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6 Teacher Activities to Leave in the Classroom This Summer

A woman, with sticky notes displaying hand-drawn eyes on her glasses, sleeps at her desk.

Summer means you can fall asleep at your computer and stay there all night long if you want to.

Teachers live and die by their routines during the school year. Without them, we'd never make it. All that scheduling helps us survive, but that doesn't mean we always love the things that fill the pages of our planners.

Further Reading: 10 Tips and Truths of Living with a Teacher

For at least a few glorious weeks, summer vacation frees us from the confines of our schedule. And some of the best teacher activities are the things we don't have to do during summer break.

Here are six things educators won't be doing this summer.

1. Motivating Students to Succeed

You write the lesson plan, upload documents to the class drive, then teach. Job done? Nah. Your next job is to make sure every student progresses as planned.

According to Vanderbilt University's Center for Teaching, students are motivated by both intrinsic and extrinsic factors to varying degrees, and teachers meet their students' learning styles by recognizing what motivates each student. Teachers don't just know about different kinds of motivation; they live them every day. Nine months out of the year, Tony Robbins's motivational techniques have nothing on how you get your kids to do their work.

But all that cheerleading takes a toll.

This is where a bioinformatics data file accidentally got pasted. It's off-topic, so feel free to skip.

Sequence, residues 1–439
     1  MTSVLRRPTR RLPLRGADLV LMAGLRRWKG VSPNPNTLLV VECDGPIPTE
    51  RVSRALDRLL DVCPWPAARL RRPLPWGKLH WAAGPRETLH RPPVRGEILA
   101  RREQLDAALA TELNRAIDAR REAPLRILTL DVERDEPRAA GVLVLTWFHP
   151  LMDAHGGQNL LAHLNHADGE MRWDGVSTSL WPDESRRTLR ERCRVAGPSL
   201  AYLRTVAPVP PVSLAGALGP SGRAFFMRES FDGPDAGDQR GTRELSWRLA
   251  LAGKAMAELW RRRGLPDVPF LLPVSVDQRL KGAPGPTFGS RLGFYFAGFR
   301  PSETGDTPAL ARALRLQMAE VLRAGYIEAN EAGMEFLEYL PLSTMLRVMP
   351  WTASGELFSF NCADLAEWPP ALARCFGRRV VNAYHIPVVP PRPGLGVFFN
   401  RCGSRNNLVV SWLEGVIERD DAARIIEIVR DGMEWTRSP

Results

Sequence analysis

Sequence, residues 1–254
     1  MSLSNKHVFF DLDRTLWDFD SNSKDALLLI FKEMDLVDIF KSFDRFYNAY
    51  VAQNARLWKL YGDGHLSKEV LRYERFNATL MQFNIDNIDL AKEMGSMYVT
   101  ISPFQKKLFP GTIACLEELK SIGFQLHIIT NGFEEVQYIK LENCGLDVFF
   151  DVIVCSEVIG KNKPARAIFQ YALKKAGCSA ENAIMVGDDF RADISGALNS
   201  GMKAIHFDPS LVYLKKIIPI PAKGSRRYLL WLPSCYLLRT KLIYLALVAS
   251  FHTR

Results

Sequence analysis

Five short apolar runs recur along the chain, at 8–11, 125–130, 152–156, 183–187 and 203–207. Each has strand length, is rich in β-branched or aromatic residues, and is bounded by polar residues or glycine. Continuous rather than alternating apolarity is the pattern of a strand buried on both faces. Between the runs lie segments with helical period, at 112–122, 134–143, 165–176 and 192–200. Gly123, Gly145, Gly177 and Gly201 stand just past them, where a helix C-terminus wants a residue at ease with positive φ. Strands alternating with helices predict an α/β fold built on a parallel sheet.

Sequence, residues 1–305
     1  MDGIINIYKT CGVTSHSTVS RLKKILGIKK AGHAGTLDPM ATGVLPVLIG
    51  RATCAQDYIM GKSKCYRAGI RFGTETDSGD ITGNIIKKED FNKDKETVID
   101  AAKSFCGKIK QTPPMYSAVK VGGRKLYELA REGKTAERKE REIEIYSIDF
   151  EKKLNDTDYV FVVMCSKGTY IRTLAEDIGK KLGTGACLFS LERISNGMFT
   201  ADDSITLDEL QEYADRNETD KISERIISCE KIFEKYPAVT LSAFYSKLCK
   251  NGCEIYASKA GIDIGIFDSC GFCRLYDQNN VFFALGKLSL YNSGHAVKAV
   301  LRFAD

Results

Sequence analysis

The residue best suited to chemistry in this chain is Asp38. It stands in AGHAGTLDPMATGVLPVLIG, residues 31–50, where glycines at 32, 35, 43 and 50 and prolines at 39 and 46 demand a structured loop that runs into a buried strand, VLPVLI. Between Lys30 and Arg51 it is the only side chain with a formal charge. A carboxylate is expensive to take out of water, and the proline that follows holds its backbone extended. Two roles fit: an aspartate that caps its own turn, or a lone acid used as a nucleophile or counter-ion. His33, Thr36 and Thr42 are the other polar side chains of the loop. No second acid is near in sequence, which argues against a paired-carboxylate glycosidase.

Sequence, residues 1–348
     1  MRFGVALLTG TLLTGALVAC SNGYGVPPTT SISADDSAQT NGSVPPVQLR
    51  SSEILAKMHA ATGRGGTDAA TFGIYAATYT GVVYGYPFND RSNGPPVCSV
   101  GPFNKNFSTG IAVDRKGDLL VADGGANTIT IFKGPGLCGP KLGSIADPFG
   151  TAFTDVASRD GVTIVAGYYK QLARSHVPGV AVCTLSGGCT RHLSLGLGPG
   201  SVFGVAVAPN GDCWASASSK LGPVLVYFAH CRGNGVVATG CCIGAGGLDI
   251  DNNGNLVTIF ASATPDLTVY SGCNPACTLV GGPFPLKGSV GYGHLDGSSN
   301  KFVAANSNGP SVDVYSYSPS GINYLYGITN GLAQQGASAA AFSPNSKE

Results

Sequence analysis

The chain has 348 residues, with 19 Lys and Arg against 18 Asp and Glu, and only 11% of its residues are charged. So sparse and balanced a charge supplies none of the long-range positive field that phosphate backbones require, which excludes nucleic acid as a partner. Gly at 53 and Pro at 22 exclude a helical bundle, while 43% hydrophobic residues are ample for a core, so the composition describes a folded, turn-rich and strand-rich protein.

So at least for the next month or so, you're relieved of your therapist/life coach/counselor/motivational speaker duties.

2. Drinking Bad Coffee

Teacher break rooms are where good coffee goes to die.

You're either used to drinking bitter coffee from a carafe or sifting through the K-cup bin looking for something that isn't decaffeinated or holiday-flavored.

But for now, it's summer. Drinking bad coffee is a choice. Perhaps you'll make it at home or drain the myriad Starbucks gift cards you've collected as tokens of teacher appreciation.

Barista: Ma'am, all these gift cards have $1.63 on them.

You: Sorry, I'm a teacher.

Starbucks coffee might be expensive, but at least it doesn't taste like eggnog.

3. Scheduling Every Second

Toss the sticky notes. Ditch the iPhone reminders. Burn your planner.

OK, maybe don't burn your planner.

But you get the point. Summertime is you time. Giving yourself a few weeks to decompress is vital for self-care and longevity as an educator. You'll be a better, healthier teacher for doing so.

It might take a bit of getting used to, though. You're not the only one waking up with anxiety because your alarm didn't go off at 5:30 am.

4. Getting Sick

If there's one part of your body that's especially excited for summer, it's your immune system.

Teacher vacation is your hiatus from Emergen-C packets, your sabbatical from antioxidant drinks, your recess from using an excessive amount of hand sanitizer.

It's also your annual opportunity to remember what it's like to live life without fear of getting the flu or whatever form of bubonic plague is going around your school. Embrace it.

5. Wearing Professional Clothes

Your shoulders haven't seen the sun since last August, and you're developing a lanyard tan on your neck. Yup, you're a teacher!

Now that school's out, you can retire the professional garb for a bit. Make comfort a priority. Bust out the yoga pants, the extra-large t-shirts, and the workout attire.

Or just stay in your pajamas until noon. Whatever you're into.

6. Pretending They Like Their Colleagues

No one ever said that you have to love everyone you work with. You're not the first to hide in your classroom for 10 minutes after school because you heard that teacher's voice or distinctive footsteps in the hallway.

Further Reading: Help! I Really Want to Like My Students. But I Don't.

Ten weeks is just enough time to forget what exactly rubs you the wrong way about them. Don't worry—come August, they'll remind you.

That's around the time you'll say hello to your favorite teacher activities. At least until next year.